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Representatives from First Star Fiber recently presented information to the David City City Council regarding the city’s recycling center, just weeks after the council voted to postpone repairing one of the center's balers during its Jan. 23 meeting.

The David City Recycling Center, 174 E St., serves as a drop-off point for recyclable material. The city sends collected cardboard and plastics to First Star Recycling in Omaha, metal cans to Alter Metal Recycling in Columbus and magazines/newspapers to a facility in Norfolk. As previously reported in The Banner-Press, many on the council questioned continuing to operate the center because the city loses about $15,000 annually to keep it open.

Danielle Easdale and Jeff Heck of First Star Recycling told the council on Feb. 27 that the city could save money by sending all of its material to First Star instead of to multiple facilities. As for fixing the baler, Easdale said First Star could help the city with grant writing in order to receive funding from the Nebraska Recycling Council for the project, as well as the construction of a loading dock at the center.

A baler is a machine used by the center to crush and compact collected cardboard. While currently operational, Street Foreman Chris Kroesing it will eventually need to be repaired if the center wishes to continue accepting cardboard. A bid to fix the machine came from Riekes Equipment of Lincoln at the price of $2,234. Mayor Alan Zavodny said he liked the idea of sending all of the city's recyclables to one center as opposed to three and applying for grants.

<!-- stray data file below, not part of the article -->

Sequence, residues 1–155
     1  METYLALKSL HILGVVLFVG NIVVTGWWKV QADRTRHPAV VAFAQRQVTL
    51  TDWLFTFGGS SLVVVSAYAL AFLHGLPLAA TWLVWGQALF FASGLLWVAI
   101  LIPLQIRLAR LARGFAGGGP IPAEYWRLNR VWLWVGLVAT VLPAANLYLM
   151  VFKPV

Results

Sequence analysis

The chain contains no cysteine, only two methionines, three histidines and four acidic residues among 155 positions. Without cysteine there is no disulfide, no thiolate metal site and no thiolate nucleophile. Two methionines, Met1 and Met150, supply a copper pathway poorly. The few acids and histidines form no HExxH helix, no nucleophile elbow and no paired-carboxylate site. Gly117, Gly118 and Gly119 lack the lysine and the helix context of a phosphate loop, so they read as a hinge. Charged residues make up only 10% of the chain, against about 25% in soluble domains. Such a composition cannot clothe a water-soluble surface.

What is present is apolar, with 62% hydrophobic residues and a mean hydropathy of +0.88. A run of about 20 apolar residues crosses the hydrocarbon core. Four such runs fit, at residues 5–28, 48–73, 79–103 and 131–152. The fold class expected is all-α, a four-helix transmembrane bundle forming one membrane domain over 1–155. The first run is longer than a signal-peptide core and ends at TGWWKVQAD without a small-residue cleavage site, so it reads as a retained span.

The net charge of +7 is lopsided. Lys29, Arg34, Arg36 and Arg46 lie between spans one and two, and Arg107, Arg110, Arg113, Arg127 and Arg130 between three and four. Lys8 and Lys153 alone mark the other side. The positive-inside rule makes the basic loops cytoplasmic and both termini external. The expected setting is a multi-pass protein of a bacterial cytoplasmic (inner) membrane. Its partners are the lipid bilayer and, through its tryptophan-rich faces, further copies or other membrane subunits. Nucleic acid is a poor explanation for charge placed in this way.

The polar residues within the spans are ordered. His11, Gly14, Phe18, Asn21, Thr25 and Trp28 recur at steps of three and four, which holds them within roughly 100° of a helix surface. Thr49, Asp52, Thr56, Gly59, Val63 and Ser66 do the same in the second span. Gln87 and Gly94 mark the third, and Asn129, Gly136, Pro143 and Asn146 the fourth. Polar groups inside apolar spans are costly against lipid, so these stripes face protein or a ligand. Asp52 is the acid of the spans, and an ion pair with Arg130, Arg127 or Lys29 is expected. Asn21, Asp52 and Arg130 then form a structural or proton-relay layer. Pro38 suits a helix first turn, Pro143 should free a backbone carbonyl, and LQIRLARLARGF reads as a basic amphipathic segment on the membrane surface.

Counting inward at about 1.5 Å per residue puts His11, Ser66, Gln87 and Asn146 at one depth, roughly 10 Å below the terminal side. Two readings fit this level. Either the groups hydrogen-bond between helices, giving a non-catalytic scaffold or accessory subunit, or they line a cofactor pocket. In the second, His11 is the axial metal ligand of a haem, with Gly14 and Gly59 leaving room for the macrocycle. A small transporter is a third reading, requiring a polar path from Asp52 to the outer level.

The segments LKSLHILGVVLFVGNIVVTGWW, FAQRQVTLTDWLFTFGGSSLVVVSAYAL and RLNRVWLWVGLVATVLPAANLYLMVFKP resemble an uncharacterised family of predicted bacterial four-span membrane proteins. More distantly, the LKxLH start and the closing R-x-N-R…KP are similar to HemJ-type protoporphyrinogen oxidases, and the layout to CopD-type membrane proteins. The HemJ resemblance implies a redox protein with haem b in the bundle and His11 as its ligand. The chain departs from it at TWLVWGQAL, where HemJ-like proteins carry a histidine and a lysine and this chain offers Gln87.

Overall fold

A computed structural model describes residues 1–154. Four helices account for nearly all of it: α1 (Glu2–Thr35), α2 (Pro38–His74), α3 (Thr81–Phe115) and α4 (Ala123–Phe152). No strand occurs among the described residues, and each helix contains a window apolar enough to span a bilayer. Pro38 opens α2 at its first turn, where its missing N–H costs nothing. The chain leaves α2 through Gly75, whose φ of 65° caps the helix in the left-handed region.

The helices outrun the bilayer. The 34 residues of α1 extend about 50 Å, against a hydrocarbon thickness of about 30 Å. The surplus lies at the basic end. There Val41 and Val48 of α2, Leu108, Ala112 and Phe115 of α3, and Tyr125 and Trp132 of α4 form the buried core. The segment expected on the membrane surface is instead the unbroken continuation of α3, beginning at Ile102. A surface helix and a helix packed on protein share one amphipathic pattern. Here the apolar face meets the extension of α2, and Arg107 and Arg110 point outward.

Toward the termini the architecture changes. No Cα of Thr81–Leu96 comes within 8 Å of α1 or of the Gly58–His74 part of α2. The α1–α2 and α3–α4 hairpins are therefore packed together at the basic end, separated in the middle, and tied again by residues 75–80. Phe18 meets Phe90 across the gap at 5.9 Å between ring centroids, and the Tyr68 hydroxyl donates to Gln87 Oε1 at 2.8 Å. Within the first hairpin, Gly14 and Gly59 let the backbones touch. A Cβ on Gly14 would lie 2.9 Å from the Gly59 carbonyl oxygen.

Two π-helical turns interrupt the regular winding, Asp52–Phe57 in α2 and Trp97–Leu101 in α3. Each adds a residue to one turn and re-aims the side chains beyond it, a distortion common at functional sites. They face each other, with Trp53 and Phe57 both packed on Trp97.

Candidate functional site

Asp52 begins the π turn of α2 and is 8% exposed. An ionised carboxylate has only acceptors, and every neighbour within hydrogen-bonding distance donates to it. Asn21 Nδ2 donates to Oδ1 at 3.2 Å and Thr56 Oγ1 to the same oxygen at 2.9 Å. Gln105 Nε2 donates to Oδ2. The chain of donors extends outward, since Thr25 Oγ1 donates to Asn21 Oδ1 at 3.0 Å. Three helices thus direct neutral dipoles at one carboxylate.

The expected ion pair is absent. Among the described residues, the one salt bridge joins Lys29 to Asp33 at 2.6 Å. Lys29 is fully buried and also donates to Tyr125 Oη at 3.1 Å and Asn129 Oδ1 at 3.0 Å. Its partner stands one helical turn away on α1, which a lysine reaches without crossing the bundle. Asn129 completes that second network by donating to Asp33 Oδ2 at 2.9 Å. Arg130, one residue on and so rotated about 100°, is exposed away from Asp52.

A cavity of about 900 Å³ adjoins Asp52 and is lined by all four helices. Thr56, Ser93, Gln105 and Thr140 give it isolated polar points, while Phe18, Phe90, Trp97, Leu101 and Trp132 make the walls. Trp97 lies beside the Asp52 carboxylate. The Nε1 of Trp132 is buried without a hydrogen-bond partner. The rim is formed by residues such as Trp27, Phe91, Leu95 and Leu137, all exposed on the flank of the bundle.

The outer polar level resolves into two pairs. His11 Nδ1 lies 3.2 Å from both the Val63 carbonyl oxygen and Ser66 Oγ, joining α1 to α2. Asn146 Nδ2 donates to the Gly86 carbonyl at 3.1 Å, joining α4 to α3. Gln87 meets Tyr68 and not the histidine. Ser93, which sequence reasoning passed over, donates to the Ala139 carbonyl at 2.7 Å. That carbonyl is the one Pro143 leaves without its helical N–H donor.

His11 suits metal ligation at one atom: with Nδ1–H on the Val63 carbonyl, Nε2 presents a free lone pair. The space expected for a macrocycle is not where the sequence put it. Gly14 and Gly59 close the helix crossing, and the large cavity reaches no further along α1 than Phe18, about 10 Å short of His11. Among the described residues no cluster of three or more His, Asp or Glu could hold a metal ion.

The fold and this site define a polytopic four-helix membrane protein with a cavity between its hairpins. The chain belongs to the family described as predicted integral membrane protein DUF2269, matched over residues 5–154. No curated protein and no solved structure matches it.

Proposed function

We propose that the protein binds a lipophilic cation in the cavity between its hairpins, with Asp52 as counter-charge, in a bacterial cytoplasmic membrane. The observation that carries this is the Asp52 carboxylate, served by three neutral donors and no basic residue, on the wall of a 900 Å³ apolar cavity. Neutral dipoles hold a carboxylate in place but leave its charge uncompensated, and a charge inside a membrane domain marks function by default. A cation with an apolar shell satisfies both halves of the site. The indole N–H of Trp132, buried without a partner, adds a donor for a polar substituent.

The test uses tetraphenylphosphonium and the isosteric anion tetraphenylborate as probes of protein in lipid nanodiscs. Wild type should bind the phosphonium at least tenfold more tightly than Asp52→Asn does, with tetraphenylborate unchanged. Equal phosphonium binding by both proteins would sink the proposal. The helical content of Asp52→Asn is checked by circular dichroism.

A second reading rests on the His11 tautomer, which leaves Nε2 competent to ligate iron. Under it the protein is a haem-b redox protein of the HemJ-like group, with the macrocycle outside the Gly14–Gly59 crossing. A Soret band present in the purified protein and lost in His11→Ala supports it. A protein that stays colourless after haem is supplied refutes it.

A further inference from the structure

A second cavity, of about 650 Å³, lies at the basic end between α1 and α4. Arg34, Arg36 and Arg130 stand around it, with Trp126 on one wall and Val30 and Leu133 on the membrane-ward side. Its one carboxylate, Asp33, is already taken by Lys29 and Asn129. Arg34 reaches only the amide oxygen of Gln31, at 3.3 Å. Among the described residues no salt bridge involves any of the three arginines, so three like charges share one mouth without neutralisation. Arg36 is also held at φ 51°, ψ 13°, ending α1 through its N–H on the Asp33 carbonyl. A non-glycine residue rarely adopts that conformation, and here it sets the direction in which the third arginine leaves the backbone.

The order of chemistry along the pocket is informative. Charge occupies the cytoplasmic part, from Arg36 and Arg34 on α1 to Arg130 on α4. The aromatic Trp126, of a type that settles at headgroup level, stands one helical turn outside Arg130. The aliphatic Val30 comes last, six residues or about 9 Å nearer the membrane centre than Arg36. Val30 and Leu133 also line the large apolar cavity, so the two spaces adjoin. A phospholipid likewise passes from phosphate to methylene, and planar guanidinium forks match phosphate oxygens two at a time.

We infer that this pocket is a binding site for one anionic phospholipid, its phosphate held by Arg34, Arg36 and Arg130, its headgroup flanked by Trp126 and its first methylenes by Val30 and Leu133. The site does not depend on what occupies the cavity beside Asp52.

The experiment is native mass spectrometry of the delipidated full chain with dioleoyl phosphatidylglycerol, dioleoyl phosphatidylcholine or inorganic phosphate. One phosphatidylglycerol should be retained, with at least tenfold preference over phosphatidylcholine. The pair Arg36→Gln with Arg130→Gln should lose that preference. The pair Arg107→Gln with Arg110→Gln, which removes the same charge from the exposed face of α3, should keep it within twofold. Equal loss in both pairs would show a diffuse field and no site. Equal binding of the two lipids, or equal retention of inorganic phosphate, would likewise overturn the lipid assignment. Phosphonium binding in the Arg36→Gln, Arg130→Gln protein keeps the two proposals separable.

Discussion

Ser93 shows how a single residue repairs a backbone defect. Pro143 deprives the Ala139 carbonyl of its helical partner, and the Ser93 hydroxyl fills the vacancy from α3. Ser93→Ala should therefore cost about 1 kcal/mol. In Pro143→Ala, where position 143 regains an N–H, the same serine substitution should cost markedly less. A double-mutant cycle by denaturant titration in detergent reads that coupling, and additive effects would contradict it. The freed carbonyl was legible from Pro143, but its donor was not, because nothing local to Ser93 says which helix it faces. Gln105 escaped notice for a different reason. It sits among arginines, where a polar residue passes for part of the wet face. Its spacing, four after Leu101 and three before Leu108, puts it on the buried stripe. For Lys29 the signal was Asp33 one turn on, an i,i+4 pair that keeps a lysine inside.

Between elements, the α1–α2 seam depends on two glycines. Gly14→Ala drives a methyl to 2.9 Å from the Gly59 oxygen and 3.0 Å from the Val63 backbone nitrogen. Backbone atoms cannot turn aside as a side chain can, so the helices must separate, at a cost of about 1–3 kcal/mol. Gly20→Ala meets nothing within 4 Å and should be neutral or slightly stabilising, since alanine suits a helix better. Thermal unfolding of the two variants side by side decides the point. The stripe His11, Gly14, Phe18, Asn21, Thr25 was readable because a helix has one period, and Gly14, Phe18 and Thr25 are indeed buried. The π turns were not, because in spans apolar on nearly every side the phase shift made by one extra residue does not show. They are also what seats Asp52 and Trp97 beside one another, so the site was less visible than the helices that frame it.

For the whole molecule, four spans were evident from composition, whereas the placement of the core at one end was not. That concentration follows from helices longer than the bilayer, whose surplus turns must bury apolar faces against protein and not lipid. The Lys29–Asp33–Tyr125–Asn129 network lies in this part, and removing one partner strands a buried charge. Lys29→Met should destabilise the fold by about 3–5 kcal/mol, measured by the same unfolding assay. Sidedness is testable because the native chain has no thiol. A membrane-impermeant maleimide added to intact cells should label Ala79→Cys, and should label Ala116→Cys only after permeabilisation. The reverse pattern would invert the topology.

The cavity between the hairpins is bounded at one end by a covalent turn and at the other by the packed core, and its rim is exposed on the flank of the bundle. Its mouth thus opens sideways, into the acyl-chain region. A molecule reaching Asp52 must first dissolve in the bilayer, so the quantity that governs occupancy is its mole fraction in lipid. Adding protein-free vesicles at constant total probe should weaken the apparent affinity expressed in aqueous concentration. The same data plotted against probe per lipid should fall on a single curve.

“It doesn’t make sense to me that when we’re not making any money the way that it is. To spend more money going all these different directions, doesn’t make any sense to me," Zavodny said. “I guess our next step is to apply for the grant, see if we can get our baler fixed and get the dock, probably, if that’s the best way to go."

Ward 1 Council Member Skip Trowbridge said the city would have to look at the numbers in order to know how much it would save before agreeing to any kind of new deal.

“From my understanding, revenue is our biggest shortcoming, and I haven't heard anything yet indicating where the revenue is going to increase from," Trowbridge said to Easdale during the meeting.

She said First Star would send the city data showing how much it could save by solely going with the company.

First Star Fiber President and CEO Dale Gubbels told The Banner-Press that closing the recycling center would be a bad idea. He said he hopes that the city and First Star Fiber can work out a deal in order to keep it open.

"We think that obviously would be short-sighted for a lot of reasons," Gubbels said about closing the facility. "A well-run recycling center in a rural community will save the city money on landfill disposal."

Eric Schucht is a reporter for The Banner-Press. Reach him via email at eric.schucht@lee.net.

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Eric Schucht earned his bachelor's degree in journalism at the University of Oregon in 2018. He has written for The Cottage Grove Sentinel, The Creswell Chronicle, The Pacific Northwest Inlander and The Roseburg News-Review.

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